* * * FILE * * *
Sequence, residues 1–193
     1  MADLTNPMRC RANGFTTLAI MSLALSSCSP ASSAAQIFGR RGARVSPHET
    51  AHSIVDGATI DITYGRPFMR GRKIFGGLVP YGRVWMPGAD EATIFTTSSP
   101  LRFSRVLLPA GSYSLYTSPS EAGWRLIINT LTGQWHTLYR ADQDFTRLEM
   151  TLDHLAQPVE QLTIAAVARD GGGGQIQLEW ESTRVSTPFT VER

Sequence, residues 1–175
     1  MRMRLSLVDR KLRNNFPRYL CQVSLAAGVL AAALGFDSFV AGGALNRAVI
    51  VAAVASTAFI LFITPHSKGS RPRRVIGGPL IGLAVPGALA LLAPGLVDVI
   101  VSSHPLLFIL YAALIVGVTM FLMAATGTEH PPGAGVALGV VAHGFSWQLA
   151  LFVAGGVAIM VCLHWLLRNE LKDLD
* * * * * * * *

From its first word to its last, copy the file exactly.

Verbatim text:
Sequence, residues 1–193
     1  MADLTNPMRC RANGFTTLAI MSLALSSCSP ASSAAQIFGR RGARVSPHET
    51  AHSIVDGATI DITYGRPFMR GRKIFGGLVP YGRVWMPGAD EATIFTTSSP
   101  LRFSRVLLPA GSYSLYTSPS EAGWRLIINT LTGQWHTLYR ADQDFTRLEM
   151  TLDHLAQPVE QLTIAAVARD GGGGQIQLEW ESTRVSTPFT VER

Sequence, residues 1–175
     1  MRMRLSLVDR KLRNNFPRYL CQVSLAAGVL AAALGFDSFV AGGALNRAVI
    51  VAAVASTAFI LFITPHSKGS RPRRVIGGPL IGLAVPGALA LLAPGLVDVI
   101  VSSHPLLFIL YAALIVGVTM FLMAATGTEH PPGAGVALGV VAHGFSWQLA
   151  LFVAGGVAIM VCLHWLLRNE LKDLD